Undoubtedly, this could result in a faux outlook or artificial reporting whereby a company which ordinarily is a small company by virtue of the definition of gross turnover, is categorized and taxed as a medium-sized/ large company, which is generally an economic loss to the company.

Taxpayers operating this model are encouraged to properly delineate their mark-up, which constitutes economic benefit to the company, in their books of account, in order to aid proper review and tax band categorization as and when required.

ii. Determination of Minimum Tax Applicability

The Finance Act 2019, which amended Section 33(2) of CITA, provided that minimum tax be computed as a percentage of gross turnover. In determining the applicability of minimum tax, the Federal Inland Revenue Service (FIRS) in its Information Circular 2020/04 - Clarification on Sundry Provisions of the Finance Act 2019 opined that for the purposes of minimum tax, gross turnover includes all operating incomes or revenues anywhere embedded. While the FIRS' position on turnover per its circular appears to be consistent with the definition in FA 2019, the FIRS' position does not consider the peculiarities associated with entities that operate a cost-plus model. Specifically, the inclusion of reimbursed costs as part of gross turnover and possible misconception that payment of reimbursed costs represent "inflows" to the recipient, are chief among the risks associated with the FIRS' view.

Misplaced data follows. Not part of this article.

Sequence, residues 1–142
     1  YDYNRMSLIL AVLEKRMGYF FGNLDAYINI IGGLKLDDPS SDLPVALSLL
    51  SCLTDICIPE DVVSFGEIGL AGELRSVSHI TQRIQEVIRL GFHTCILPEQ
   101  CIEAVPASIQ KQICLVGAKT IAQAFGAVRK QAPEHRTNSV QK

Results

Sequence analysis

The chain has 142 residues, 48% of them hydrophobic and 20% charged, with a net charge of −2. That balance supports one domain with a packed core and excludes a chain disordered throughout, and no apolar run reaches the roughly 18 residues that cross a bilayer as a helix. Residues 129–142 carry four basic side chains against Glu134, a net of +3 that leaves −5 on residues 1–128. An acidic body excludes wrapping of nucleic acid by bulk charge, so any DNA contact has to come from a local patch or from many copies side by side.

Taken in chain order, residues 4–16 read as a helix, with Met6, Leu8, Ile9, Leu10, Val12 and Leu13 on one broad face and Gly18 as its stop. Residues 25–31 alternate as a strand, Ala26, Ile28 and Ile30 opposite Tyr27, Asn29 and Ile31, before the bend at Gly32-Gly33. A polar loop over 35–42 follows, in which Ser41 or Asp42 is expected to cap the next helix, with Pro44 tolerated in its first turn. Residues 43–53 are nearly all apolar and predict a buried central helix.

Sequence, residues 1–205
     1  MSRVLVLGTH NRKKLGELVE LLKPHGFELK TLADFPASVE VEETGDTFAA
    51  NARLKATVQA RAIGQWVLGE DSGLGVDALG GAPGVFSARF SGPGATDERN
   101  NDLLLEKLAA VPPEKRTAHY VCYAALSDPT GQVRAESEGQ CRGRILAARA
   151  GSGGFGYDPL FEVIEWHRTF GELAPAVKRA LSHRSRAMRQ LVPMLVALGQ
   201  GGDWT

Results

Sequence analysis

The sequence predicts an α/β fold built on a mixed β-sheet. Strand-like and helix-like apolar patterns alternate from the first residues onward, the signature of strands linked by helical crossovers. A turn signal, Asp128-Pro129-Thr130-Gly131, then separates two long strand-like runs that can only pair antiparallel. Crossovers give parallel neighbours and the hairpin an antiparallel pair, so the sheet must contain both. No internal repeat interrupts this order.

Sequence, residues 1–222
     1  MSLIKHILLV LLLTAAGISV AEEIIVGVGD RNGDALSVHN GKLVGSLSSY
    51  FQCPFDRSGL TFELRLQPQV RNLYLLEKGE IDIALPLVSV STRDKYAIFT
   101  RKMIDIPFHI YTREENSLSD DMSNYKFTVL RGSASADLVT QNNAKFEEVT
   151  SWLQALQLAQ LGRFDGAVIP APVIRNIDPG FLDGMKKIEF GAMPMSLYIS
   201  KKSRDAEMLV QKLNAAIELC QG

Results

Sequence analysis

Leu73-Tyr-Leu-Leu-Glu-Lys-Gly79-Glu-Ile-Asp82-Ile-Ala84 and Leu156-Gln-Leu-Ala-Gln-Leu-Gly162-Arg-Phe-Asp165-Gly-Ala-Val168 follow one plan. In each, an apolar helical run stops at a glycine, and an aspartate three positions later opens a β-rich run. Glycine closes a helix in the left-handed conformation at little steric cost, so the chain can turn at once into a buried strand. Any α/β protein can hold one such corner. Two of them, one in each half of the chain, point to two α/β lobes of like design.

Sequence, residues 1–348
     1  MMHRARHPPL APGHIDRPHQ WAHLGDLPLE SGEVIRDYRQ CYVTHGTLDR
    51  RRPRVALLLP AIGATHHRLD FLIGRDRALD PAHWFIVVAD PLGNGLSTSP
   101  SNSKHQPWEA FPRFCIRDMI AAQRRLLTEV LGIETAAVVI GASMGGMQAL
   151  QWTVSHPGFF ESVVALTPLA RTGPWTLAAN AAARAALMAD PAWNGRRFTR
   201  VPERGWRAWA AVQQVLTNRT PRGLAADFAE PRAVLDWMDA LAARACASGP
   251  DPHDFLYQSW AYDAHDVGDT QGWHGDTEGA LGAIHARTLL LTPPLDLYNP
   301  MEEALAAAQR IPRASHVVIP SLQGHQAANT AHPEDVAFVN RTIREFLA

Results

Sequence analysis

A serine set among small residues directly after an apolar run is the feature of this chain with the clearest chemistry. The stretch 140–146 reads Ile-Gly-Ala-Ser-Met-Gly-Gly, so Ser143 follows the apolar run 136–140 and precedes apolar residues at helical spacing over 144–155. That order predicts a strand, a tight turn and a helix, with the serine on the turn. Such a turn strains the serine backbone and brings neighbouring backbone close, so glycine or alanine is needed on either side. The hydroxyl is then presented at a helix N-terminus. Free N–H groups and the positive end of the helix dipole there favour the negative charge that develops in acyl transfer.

Based on the definition of gross turnover per FA 2020, the reimbursed expenses would not result in increase in equity for the recipient which operates as an agent of its parent, as it would only net off the expenses incurred on behalf of the parent company.

Further, in line with IFRS 15, when a company that is an agent satisfies a performance obligation, it recognizes revenue in the amount of any fee or commission to which it expects to be entitled, in exchange for arranging for other third parties to provide services. On the contrary, when a company that is a principal satisfies a performance obligation, it recognizes revenue in the gross amount of consideration to which it expects to be entitled in exchange for those services transferred.